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Serbia: Albanian Death Fuels Presevo Secession Calls

Fatal shooting leads to further demands from south Serbia Albanians for union with Kosovo.
By Skender Latifi

Concerns are growing that the killing of a 15-year-old ethnic Albanian teenager in southern Serbia could create an even bigger rift between Belgrade and the local ethnic Albanian authorities.


Presevo High School student Dasnim Hajrullahu was killed on January 7 near the village of Miratovac, close to Serbia’s border with Macedonia. He had tried to cross the frontier illegally after spending the New Year’s holidays with his mother in Macedonia.


An investigation confirmed that a Serbia and Montenegro army border guard had fired at Hajrullahu from a watchtower some 200 metres away. Serbian defence minister Prvoslav Davinic said “the border guards acted in line with the rules of engagement”.


The incident has rekindled demands from the Albanian-dominated Presevo valley of south Serbia for union with Kosovo. The region - comprising the municipalities of Presevo, Bujanovac and Medvedja - was the scene of clashes between local militants and Serbian forces in 2001, which ended in a truce with Belgrade pledging to grant local authorities more powers and improve the economy.


Presevo’s new mayor Regmi Mustafa, leader of the Democratic Party of Albanians, DPA, warned that Albanians would seriously consider walking out of the local government and forming their own parallel institutions if the Serbian authorities fail to deal with the border fatality to their satisfaction.


If not, Mustafa told the media, “Serbia would no longer exist as a state as far as we are concerned.”


The day after the tragedy, Mustafa refused to meet either Nebojsa Covic, the head of the Serbian government’s coordinating body for southern Serbia, or Rasim Ljajic, the minister for minorities and ethnic communities.


Party of Democratic Progress, PDP, leader Orhan Rexhepi - a former commander of the guerrilla Presevo, Bujanovac and Medvedja Liberation Army, which battled Serbian forces four years ago - told IWPR that Covic and the former local Albanian leadership “had failed to resolve the problem” in the Presevo valley.


He added that Hajrullahu’s death showed that Albanians in southern Serbia had “no choice” but to demand integration with Kosovo.


The local Albanian authorities are now demanding that Belgrade allow the deployment of international troops in southern Serbia, withdraw the army and police, and set up new border crossings with Kosovo and Macedonia.


In turn, Serbia has proposed the restructuring of a body tasked with addressing problems in south Serbia, and has also offered to set up a multi-ethnic committee to investigate Hajrullahu’s death.


Mustafa dismissed Belgrade’s overtures as “ludicrous”, as he said promises to restructure the committee over the past two years have come to naught. Rexhepi said that Albanians in southern Serbia would be “acting against their own interests if they joined” the body. Albanian leaders are due to meet again on January 21 to discuss Belgrade’s offer.


The ruling coalition in the area - comprising the DPA, the Democratic Union of the Valley, DUD, and the PDP - advocate a far more radical political solution to the issue of south Serbia than their predecessors.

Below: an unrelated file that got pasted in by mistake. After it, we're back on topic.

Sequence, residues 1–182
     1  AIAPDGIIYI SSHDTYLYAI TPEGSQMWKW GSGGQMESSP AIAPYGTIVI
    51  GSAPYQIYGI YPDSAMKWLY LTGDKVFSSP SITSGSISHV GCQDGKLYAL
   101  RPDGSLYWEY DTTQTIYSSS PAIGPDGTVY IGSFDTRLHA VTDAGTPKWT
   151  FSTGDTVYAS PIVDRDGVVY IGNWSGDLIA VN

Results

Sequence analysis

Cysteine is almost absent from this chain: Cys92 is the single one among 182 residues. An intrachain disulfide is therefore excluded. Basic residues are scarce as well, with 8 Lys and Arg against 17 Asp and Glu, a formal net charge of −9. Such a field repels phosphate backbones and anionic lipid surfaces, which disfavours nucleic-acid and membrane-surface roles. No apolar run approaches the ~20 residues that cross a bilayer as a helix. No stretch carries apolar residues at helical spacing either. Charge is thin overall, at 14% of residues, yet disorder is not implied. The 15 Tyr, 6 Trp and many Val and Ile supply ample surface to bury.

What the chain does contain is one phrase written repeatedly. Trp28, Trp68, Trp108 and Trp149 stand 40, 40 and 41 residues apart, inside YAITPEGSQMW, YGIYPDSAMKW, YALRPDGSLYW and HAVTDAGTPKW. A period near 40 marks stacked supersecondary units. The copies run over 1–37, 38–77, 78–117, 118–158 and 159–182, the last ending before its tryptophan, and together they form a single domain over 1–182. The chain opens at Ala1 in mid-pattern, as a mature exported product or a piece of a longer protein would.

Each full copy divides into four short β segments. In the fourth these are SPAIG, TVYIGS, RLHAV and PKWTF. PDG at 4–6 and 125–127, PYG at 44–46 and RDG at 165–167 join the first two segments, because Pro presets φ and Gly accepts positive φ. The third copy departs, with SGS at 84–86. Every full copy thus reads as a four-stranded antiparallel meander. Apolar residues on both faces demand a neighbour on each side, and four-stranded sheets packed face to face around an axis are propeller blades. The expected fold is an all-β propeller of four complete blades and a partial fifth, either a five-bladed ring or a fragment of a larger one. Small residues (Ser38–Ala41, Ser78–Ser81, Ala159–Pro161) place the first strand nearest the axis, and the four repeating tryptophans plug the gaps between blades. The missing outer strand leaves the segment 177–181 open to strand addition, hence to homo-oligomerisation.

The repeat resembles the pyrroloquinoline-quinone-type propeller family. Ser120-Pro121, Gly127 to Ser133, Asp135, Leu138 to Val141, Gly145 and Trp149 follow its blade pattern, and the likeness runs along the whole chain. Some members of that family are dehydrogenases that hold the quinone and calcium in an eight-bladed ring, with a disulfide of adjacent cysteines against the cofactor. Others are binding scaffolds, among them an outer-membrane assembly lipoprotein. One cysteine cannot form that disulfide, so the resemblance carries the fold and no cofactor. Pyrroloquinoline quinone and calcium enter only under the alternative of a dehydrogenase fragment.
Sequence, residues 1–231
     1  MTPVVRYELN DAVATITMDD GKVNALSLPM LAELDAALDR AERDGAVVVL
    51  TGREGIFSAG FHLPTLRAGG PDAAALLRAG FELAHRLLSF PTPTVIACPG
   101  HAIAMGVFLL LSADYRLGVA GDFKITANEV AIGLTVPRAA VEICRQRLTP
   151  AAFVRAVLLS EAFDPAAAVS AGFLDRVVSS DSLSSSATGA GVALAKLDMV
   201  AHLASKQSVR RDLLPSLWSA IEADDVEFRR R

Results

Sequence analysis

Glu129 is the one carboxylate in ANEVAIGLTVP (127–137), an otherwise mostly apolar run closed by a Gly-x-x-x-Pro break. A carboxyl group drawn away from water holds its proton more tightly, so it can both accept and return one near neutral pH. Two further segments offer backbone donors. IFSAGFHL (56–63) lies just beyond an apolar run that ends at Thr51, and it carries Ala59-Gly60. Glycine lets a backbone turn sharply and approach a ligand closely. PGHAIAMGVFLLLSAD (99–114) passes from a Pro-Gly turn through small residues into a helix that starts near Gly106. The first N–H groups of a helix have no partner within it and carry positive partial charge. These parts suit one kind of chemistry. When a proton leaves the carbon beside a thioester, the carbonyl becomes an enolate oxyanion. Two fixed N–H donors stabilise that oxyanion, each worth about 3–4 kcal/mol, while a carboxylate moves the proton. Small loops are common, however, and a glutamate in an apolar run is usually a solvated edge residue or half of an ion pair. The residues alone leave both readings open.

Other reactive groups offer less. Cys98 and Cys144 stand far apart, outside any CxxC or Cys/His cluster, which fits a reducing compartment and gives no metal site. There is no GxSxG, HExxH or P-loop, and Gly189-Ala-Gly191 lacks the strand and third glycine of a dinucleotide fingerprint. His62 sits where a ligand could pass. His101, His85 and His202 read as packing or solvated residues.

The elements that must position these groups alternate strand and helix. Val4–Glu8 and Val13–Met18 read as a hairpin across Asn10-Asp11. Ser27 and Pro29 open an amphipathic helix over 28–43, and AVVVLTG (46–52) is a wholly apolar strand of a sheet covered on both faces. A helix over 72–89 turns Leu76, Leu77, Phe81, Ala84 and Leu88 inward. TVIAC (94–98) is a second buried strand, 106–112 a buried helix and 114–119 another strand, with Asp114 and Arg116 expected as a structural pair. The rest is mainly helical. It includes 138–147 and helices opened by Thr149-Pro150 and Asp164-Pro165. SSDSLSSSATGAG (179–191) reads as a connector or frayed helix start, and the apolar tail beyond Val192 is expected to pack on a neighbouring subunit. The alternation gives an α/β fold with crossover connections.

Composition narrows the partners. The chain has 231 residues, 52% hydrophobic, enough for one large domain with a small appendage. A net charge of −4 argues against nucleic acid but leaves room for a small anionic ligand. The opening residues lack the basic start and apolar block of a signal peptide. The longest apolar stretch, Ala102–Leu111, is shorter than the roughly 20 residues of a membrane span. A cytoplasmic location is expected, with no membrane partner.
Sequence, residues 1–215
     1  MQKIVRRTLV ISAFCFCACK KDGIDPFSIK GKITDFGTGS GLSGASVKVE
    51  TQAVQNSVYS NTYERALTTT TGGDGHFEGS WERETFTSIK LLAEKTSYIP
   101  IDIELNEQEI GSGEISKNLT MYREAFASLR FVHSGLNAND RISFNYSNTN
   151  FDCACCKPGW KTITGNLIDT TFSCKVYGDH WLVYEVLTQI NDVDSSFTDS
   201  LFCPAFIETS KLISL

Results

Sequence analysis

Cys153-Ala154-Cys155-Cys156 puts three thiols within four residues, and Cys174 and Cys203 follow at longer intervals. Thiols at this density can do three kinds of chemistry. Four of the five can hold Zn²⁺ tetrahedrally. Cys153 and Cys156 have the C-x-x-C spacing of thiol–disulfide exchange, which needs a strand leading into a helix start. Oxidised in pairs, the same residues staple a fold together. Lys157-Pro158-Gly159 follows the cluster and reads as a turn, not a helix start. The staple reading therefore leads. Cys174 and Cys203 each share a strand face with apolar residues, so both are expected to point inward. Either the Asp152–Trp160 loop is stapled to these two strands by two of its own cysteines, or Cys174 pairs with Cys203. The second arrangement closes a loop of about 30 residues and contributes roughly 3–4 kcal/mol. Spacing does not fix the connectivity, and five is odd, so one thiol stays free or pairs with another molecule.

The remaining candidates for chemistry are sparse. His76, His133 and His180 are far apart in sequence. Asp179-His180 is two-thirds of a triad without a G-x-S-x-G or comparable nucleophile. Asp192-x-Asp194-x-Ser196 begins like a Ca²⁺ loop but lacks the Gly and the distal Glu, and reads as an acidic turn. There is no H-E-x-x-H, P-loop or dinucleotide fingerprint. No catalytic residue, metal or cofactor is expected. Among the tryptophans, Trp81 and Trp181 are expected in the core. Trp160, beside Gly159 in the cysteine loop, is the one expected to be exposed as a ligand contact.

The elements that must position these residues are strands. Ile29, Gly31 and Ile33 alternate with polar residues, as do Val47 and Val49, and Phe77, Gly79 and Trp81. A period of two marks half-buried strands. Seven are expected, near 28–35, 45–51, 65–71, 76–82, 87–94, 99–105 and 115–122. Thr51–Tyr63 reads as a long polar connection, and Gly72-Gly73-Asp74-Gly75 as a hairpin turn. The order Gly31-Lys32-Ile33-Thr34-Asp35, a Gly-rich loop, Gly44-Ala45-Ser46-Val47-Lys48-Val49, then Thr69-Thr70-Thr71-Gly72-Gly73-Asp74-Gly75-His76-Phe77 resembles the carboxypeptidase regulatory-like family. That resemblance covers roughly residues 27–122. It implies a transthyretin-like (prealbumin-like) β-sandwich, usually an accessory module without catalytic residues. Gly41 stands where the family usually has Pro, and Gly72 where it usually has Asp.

The coalition proposes that if there are any internal changes in Kosovo to allow predominately Serb areas in the north of the entity to become part of Serbia, then Presevo, Bujanovac and Medvedja should be permitted to join Kosovo.


They want this issue to be debated at the same time as talks to determine the final status of the UN protectorate, which are expected to be held this year.


Nenad Manic, a moderate Serb leader in the region and a local Democratic Party, DS, chief, told IWPR that resolving Kosovo’s final status is inextricably linked with southern Serbia.


“It is common knowledge that ethnic Albanians are the majority here, hence this tragic event [possible Kosovo independence] will radicalise the situation to a certain extent and prompt political demands for integration with Kosovo,” he said.


One Presevo analyst, who spoke on condition of anonymity, said the Albanian leadership in southern Serbia would not enter into dialogue with Belgrade as easily as the previous authorities had. “The newly-elected leadership will not cooperate with Belgrade unconditionally,” he told IWPR.


Former Presevo mayor Riza Hallimi said that dialogue between Belgrade and the region’s authorities had ground to a halt after the hard-line Vojislav Kostunica was appointed prime minister of Serbia.


Rexhepi said in his view there was “no visible difference” between Kostunica’s position on southern Serbia and that of former Yugoslav president Slobodan Milosevic, currently on trial for war crimes in The Hague.


Skender Destani, the leader of the DUD, says that the Serbian authorities have shown in the past year or so that “destabilising the region is the only thing they can do”.


Meanwhile, the international community has reacted positively to the Serbian government’s response to the latest crisis.


On January 12, the NATO council of ambassadors noted that the tension had decreased after the Serbian authorities initiated a prompt dialogue with Albanians, and described the opening of an immediate investigation into the death of the teenager as “very positive”.


Skender Latifi is an IWPR correspondent in Presevo


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